“Look for the padlock icon in your browser bar when logging in. This tells you that the site you’re entering your details into is secure.“– nectar.com
That’s the advice I recently received in a generic mass “Keeping you safe” email from Nectar, a loyalty points scheme here in the UK, which was sent to all their customers.
Whilst you should ensure that the websites you frequent have a “padlock” icon in your browser’s address bar, your browser will make it quite clear if the site you’re visiting isn’t secure.
But you should never rely on a padlock icon itself as an indication of a website’s legitimacy or trustworthiness!
Life before the “s”
Now, when the internet was in its infancy, every website you would access had an address (or URL) which began “http://”.
As the internet grew and evolved, there was a greater need for stronger security and encryption between your browser and the website you were visiting. This was especially true for shopping and banking websites where sensitive data would be passing between browser and website.
The all important “s”
So along came “https” (the “s” standing for “Secure”). Under https, the connection between your browser and the website you’re visiting is encrypted.
In order to facilitate access to a website via encrypted https, the website owner would need to install a security certificate on their website.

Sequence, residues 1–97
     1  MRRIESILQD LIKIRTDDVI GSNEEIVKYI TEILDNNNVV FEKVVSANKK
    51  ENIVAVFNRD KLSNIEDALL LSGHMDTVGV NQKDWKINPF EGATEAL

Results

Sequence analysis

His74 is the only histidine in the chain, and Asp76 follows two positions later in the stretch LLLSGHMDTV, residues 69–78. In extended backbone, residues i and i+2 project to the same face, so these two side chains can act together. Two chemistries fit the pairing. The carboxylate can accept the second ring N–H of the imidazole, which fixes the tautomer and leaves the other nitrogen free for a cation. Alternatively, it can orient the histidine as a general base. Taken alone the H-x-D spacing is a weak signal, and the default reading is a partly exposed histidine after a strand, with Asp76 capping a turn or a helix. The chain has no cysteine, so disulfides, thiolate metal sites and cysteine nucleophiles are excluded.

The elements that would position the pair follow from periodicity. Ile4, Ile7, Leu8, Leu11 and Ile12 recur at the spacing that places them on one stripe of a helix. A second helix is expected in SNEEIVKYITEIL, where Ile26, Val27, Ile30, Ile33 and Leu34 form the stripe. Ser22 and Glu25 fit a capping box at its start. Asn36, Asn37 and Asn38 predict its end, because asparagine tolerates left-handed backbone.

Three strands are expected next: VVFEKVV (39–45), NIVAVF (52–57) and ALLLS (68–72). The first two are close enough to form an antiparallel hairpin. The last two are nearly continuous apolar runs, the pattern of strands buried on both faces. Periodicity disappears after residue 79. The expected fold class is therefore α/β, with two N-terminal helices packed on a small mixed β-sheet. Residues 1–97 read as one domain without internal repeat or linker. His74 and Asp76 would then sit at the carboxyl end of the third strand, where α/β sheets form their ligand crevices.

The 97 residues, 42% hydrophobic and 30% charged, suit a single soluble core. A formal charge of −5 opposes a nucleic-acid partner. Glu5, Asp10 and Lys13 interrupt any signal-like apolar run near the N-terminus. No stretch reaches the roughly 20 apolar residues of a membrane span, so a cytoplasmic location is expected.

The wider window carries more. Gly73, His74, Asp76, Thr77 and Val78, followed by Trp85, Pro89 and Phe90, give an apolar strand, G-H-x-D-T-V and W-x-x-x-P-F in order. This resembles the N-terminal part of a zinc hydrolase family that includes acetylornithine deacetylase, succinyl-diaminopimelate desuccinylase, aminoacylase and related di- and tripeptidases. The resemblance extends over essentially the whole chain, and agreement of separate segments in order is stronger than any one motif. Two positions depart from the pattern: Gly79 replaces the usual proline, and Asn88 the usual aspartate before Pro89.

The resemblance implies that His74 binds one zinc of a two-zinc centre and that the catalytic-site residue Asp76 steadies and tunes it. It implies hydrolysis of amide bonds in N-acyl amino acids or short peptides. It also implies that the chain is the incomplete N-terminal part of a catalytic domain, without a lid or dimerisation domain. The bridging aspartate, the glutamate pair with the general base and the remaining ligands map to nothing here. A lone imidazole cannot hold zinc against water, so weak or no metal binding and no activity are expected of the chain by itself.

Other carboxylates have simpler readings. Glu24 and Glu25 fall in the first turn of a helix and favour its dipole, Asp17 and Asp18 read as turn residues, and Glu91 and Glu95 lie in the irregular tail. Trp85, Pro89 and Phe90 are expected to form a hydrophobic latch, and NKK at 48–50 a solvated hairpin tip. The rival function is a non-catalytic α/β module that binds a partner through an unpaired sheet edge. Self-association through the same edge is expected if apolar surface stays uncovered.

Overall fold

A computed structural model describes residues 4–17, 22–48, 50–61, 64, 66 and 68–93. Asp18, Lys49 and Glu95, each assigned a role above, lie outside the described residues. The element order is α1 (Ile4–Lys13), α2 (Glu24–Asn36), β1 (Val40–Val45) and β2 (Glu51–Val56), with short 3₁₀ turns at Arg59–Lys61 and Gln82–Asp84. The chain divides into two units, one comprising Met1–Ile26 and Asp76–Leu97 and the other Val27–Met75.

In the early days of https, security certificates were not always cheap for webmasters to obtain, and could often costing hundreds of dollars a piece.
But that was then.. today, security certificates are free from many services, such as the excellent LetsEncrypt.
So whereas once upon a time scammers setting up fake websites wouldn’t necessarily bother with expensive security certificates to make their fake websites secure, nowadays it’s free, quick and easy to install a security certificate to a website.
Therefore, yes, the presence of a padlock icon in your browser’s address bar is an indication that the connection between your browser and the website is securely encrypted. However, it is not a validation of the legitimacy or trustworthiness of the website you’re connecting to.
Let’s face it, most websites these days have security certificates installed, and your browser will make it very obvious if they don’t.
So rather than looking for a padlock icon, take the time instead to read the actual URL shown in your browser’s address bar, to make sure you’re viewing the website you intend to!
Quite often scammers will set up fake websites to look like their genuine counterparts, and perhaps just change a single character in the domain name, so that at quick glance it looks very similar to a real site.
For instance “reddit.com” and “reddlt.com” look very similar to the casual eye, but only one is the real Reddit website.